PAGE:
Facebook’s Drones And The Battle For The Sky
Back in early March we published an article that reviewed some of the lesser-known facts about Google Loon, a project that aims to use helium-filled weather balloons floating 20 miles above the surface of the earth to provide internet to some of the world’s 4.2 billion people without an internet connection.
After the initial test results proved positive other companies took note. This culminated in a press release by Facebook on 27th March that they also intended to launch a project that aims to provide affordable internet access to every person in the world.
Internet.Org is a partnership between Facebook, Samsung, Ericsson, MediaTek, Nokia, Opera Software, and Qualcomm. Launched in August 2013, Facebook’s drone-based internet will use Internet.Org as the foundation for its introduction.
The partnership has already seen success in its efforts to bring free mobile internet to the developing world. It has conducted trials with two mobile carriers, Globe in the Philippines and Tigo in Paraguay, and both carriers have at least doubled the number of their customers using mobile data services.
Titan Aerospace makes solar-powered drones that fly at heights of up to 20km above sea level. The company says its drones could fly for years at a time thanks to solar panels on the aircrafts’ wings – a fact that made it an attractive potential acquisition for Facebook when they were looking for a technology on which to base their connectivity dreams.
The potential of the company is so valuable that it became the centre of a Facebook vs Google bidding war. In early March TechCrunch reported that Facebook was on the verge of closing a $60 million deal to buy the New Mexico start-up, but in mid-April The Wall Street Journal revealed that Google had won the battle, concluding an agreement to purchase the company for an undisclosed amount. Titan Aerospace confirmed the news on their own website the following day.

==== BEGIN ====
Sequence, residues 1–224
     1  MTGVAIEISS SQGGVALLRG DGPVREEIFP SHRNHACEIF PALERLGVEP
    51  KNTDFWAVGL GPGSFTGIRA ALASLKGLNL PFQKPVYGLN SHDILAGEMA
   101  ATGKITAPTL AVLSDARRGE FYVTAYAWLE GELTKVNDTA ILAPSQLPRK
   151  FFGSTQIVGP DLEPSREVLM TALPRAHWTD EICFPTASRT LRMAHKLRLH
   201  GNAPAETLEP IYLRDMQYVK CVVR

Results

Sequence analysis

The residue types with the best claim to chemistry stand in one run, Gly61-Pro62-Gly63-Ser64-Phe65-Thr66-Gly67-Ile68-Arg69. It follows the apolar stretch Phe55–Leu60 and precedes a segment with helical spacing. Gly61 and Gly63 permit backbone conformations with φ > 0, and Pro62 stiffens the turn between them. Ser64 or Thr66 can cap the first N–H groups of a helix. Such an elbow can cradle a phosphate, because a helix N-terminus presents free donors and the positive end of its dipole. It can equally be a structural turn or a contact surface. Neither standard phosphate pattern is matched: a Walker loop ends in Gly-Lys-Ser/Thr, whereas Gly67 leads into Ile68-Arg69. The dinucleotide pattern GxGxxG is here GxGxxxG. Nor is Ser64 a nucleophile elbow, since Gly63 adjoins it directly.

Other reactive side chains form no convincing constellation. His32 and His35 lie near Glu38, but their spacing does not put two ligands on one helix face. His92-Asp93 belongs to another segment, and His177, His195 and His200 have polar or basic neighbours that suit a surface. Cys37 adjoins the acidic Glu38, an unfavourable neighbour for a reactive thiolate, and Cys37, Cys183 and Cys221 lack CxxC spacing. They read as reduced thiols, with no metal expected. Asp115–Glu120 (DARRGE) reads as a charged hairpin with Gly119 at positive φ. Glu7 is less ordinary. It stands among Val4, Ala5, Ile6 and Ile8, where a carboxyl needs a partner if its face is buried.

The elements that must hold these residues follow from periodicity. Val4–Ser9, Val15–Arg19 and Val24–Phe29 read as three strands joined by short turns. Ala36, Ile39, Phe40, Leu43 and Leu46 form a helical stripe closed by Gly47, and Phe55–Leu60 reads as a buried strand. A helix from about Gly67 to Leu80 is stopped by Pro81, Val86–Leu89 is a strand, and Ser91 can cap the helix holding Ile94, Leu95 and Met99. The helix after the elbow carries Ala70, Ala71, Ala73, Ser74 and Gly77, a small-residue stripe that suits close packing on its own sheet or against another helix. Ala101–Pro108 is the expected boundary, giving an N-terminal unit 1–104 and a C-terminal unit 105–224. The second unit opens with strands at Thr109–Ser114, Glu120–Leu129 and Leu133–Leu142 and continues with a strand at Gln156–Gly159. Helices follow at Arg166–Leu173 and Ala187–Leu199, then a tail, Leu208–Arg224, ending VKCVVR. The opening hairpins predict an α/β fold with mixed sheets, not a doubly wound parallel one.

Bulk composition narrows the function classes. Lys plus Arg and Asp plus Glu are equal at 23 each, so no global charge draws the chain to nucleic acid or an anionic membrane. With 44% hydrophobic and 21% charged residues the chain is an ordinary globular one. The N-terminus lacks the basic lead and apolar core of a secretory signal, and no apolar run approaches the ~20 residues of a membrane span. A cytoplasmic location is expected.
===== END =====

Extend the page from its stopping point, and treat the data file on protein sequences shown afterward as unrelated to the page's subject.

Drones vs. Balloons
Google’s Project Loon has been met with derision in some quarters. Bill Gates was highly critical of the project last summer, using an interview with Bloomberg to state that the project “won’t uplift the poor”. He noted that internet won’t help solve core issues in developing countries, adding that the firm should be doing more to help the poor. “They hired Larry Brilliant [the former director of Google's charitable arm Google.org], and they got fantastic publicity. And then they shut it all down”, he said.
Zuckerberg himself used the 2014 Mobile World Congress to argue that Project Loon is not the best solution to connecting more of the globe to the internet. He claims more than 80% of the world live somewhere with 2G or 3G internet access and that the really challenge was, therefore, reducing data costs.
Google naturally argue against both Zuckerberg and Gates. They say that Project Loon will help the poverty-stricken areas connect to the web without having to pay for complex infrastructure, and add that the system could also potentially help in the aftermath of a natural disaster in such areas.
If you are interested in learning more about Facebook’s initiative you can read their research paper, titled “Connecting the World from the Sky”, or head to Internet.Org’s webpage dedicated to the project where they have an informative video.
What do you think? Whose idea is better – Google or Facebook? Can either of the plans achieve their stated aims? Are they really done for altruistic reasons or is it a commercial ploy to break into developing markets? Let us know in the comments below.
By Daniel Price